SEOUL, South Korea - North and South Korea adopted a military agreement Friday enabling the first train crossing of their heavily armed border in more than half a century, the South's Defense Ministry said.
South Korean chief delegate Army Maj. Gen. Jeong Seung-jo, second from left, shakes hands with his North Korean counterpart Kim Young Chol after a military meeting at the North Korean side of the border village of Panmunjom, Friday, May 11, 2007. [AP]
The rail test, planned for Thursday, would be the first time trains have crossed the tightly sealed border since inter-Korean rail links were severed in the middle of the 1950-53 Korean War.
Two tracks have been reconnected as part of a series of reconciliation projects launched since the two sides held the first-ever summit of their leaders in 2000.
The test would be just a single run of trains along the restored tracks on each side of the peninsula, with regular train service between the two sides unlikely to begin anytime soon.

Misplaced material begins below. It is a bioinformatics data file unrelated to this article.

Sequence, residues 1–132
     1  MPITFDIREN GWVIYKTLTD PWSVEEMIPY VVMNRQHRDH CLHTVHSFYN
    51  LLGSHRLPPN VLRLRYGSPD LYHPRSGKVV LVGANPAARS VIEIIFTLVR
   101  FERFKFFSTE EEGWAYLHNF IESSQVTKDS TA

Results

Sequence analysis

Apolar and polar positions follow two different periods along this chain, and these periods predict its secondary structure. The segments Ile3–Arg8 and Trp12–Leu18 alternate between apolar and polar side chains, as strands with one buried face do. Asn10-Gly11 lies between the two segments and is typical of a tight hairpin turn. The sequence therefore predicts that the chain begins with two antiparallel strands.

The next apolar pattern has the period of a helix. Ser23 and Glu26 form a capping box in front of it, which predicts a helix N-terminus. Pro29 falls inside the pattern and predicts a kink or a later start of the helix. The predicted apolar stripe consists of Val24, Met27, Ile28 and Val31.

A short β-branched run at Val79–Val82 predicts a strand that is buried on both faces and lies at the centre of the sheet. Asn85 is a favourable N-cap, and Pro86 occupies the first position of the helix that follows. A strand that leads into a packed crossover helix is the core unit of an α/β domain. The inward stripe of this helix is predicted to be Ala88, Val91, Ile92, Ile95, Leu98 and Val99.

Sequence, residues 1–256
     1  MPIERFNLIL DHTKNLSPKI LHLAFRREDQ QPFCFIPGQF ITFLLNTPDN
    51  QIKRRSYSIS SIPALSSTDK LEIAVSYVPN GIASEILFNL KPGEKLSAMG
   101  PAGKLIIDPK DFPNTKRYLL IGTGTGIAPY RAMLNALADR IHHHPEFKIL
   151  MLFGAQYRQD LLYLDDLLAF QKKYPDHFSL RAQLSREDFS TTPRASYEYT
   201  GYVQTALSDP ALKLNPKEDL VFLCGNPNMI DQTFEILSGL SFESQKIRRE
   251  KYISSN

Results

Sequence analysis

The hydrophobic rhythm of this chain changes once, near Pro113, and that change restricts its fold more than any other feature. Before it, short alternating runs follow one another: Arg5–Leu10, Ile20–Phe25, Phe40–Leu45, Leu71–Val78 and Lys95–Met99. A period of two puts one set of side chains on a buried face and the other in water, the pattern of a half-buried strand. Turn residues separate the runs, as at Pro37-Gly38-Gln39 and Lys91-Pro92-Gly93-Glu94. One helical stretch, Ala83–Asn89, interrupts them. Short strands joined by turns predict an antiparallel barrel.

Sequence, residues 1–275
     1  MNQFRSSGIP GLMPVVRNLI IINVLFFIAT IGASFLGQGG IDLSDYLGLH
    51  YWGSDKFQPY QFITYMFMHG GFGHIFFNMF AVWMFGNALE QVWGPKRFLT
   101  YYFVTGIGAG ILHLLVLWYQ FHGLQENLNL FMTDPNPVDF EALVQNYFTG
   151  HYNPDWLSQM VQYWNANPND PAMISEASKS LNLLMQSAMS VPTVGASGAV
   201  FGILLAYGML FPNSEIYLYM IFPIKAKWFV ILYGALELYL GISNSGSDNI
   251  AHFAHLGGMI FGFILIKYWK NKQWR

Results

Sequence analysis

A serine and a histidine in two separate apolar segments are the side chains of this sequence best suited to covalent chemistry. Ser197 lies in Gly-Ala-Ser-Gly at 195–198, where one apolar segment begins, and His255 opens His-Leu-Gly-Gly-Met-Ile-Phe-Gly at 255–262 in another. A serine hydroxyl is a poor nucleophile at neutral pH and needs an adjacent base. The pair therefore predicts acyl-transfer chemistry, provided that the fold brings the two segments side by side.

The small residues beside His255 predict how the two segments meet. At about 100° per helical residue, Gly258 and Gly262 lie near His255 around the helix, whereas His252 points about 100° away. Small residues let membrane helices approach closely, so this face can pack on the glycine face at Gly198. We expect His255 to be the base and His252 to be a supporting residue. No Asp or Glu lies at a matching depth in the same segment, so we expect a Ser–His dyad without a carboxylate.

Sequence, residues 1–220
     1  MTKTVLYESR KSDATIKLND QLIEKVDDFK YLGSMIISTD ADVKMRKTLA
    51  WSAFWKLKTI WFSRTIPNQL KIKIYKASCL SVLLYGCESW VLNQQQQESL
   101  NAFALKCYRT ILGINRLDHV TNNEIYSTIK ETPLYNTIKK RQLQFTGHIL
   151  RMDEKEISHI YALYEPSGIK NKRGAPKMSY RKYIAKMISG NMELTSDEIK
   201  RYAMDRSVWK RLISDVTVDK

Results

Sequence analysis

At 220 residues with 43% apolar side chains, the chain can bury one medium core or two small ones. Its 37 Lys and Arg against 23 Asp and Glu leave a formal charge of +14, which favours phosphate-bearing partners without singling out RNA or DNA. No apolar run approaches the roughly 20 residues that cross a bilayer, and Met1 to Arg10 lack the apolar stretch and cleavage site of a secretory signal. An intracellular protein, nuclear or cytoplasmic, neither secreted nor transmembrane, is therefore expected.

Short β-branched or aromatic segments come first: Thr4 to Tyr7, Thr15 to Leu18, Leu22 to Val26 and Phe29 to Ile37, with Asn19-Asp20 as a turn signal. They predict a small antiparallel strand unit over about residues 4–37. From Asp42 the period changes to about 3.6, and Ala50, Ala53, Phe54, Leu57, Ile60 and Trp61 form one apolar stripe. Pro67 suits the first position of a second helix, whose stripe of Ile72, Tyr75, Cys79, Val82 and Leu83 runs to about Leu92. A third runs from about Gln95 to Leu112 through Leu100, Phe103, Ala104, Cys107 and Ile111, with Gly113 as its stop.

The two Koreas had agreed in principle on security for the rail test earlier this week, but the adoption of a formal agreement came only after more than 30 hours of extended talks that stretched into Friday due to unspecified sticking points.
South Korea hopes the inter-Korean railways could ultimately be linked to Russia's Trans-Siberian railroad, and could allow an overland route connecting the peninsula to Europe - significantly cutting delivery times for freight that now requires sea transport.
Economic officials from both sides agreed last month to conduct the train run, but North Korea's military had the final say on whether it goes forward because such a border crossing requires security arrangements.
The security accord sets out protocols for the train crossings next week, including what areas of the border should open and for how long, as well as pledges from each side to guarantee travelers' safety.
South Korea had hoped to expand the agreement to cover similar future border crossings, but the North refused.
The two sides also agreed in principle to set up a joint fishing area around their disputed western sea border and continue talks on that issue and other measures aimed at preventing accidental clashes in the area, according to a joint statement summarizing the negotiations' outcome.